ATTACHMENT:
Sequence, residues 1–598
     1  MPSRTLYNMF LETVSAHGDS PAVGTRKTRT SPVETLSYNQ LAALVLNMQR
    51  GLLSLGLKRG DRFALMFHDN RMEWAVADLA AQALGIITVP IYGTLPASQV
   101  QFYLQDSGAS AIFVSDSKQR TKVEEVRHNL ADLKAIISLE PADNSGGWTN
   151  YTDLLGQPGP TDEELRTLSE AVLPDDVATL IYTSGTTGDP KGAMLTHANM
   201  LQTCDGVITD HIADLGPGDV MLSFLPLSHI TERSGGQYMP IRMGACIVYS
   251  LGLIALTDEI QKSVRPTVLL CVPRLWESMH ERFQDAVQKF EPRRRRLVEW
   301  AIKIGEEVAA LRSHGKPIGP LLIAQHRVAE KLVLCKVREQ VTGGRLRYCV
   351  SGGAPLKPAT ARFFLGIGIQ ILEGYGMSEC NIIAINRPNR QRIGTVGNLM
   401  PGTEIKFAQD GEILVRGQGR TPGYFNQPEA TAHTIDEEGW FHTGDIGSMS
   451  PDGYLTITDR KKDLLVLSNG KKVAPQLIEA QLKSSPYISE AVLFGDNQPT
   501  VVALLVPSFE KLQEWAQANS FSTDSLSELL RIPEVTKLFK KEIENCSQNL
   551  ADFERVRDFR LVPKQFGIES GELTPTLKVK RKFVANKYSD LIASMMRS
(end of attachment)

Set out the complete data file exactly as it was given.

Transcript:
Sequence, residues 1–598
     1  MPSRTLYNMF LETVSAHGDS PAVGTRKTRT SPVETLSYNQ LAALVLNMQR
    51  GLLSLGLKRG DRFALMFHDN RMEWAVADLA AQALGIITVP IYGTLPASQV
   101  QFYLQDSGAS AIFVSDSKQR TKVEEVRHNL ADLKAIISLE PADNSGGWTN
   151  YTDLLGQPGP TDEELRTLSE AVLPDDVATL IYTSGTTGDP KGAMLTHANM
   201  LQTCDGVITD HIADLGPGDV MLSFLPLSHI TERSGGQYMP IRMGACIVYS
   251  LGLIALTDEI QKSVRPTVLL CVPRLWESMH ERFQDAVQKF EPRRRRLVEW
   301  AIKIGEEVAA LRSHGKPIGP LLIAQHRVAE KLVLCKVREQ VTGGRLRYCV
   351  SGGAPLKPAT ARFFLGIGIQ ILEGYGMSEC NIIAINRPNR QRIGTVGNLM
   401  PGTEIKFAQD GEILVRGQGR TPGYFNQPEA TAHTIDEEGW FHTGDIGSMS
   451  PDGYLTITDR KKDLLVLSNG KKVAPQLIEA QLKSSPYISE AVLFGDNQPT
   501  VVALLVPSFE KLQEWAQANS FSTDSLSELL RIPEVTKLFK KEIENCSQNL
   551  ADFERVRDFR LVPKQFGIES GELTPTLKVK RKFVANKYSD LIASMMRS